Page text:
In this gentle and accessible book, the Archbishop of York takes the reader by the hand to explore big questions of faith, meaning and belonging. In doing so he explores with clarity and insight the changes we face, refreshing both those of us for whom our faith has become perhaps jaded and tired, as well as those of no faith at all. At the same time he invites us all to think again about our purpose and belief - and in so doing provides a route map for our increasingly uncertain future.
A deeply thoughtful exposition of faith's transformative power, Dear England gave me hope, not only for the future of Christianity, but for a changed world too.
Here's a refreshing, candid, unabashed and, mercifully, jargon-free letter to all of us. The faith that Stephen Cottrell shares in this book is not shrink-wrapped in the usual churchy clingfilm, but unwrapped and open, exposed to current events, to politics, to the 'thousand natural shocks' we all feel in our daily living, and the faith he commends here is all the more robust, and all the more approachable for that exposure. Dear England will be helpful not only to the half-attracted, half-repelled enquirers to whom it is addressed, but also to all those believers who would like help in giving an account of the hope that is in them.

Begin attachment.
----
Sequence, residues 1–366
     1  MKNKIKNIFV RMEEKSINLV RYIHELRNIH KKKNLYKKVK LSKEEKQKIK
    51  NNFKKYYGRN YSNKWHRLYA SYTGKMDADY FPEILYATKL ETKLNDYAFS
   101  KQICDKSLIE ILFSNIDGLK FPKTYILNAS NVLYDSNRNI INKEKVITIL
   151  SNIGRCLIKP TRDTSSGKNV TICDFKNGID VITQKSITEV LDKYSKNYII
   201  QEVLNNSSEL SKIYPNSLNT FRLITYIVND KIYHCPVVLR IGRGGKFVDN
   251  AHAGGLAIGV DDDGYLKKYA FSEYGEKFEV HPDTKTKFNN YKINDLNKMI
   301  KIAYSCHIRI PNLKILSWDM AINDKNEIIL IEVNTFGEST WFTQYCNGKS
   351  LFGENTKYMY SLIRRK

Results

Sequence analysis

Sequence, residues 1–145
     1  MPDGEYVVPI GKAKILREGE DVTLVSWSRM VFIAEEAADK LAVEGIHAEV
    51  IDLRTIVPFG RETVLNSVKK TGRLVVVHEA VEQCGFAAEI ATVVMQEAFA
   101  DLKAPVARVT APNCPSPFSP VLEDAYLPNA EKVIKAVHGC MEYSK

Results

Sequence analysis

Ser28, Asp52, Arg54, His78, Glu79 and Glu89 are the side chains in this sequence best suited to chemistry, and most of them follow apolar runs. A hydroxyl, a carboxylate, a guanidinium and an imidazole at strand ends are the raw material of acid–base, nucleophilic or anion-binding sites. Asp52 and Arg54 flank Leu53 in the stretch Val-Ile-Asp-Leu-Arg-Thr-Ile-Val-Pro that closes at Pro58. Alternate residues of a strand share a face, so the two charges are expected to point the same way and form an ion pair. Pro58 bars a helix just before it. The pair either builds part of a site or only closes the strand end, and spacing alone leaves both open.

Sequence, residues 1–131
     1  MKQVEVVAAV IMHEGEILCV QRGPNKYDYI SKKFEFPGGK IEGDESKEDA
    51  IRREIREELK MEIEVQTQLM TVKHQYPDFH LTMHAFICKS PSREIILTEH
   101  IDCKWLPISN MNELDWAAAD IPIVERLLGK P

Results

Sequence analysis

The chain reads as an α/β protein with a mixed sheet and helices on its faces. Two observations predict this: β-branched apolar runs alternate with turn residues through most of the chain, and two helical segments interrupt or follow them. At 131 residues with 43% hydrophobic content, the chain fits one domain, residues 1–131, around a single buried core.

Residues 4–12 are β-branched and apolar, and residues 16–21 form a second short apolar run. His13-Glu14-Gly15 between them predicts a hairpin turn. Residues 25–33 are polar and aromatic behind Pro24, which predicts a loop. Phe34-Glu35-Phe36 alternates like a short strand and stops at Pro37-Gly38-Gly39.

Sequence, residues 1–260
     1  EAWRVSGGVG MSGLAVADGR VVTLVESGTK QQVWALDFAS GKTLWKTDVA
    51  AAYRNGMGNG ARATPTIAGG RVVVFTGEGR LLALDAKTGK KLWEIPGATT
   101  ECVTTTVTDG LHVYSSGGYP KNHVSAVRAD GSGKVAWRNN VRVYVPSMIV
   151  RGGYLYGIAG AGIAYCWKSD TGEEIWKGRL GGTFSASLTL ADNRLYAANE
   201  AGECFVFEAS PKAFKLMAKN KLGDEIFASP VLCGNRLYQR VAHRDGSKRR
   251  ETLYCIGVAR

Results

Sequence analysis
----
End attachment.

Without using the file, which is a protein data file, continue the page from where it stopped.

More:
Stephen Cottrell writes about Christ as if He were here now. As if redemption were possible for all of us, as if the void that threatens to engulf us all could be filled by a personal relationship with Christ in the present. He is a compelling writer.
It was written partly in response to a question from a barista at Paddington station about why he became a priest, and partly as a letter to a divided and uncertain country that no longer sees the relevance of Christianity.
The Archbishop has written a heartfelt and appealing apologetic. The question that it poses, however (as he freely admits), is whether this letter will reach those to whom it is addressed - which is arguably also the most pressing challenge for a socially distanced Church in its approach to England. We can only hope so, for the sake of both.
But it is very much a tome of our times, with multiple references to Brexit and the Covid pandemic, and how these events should make us rethink our attitudes.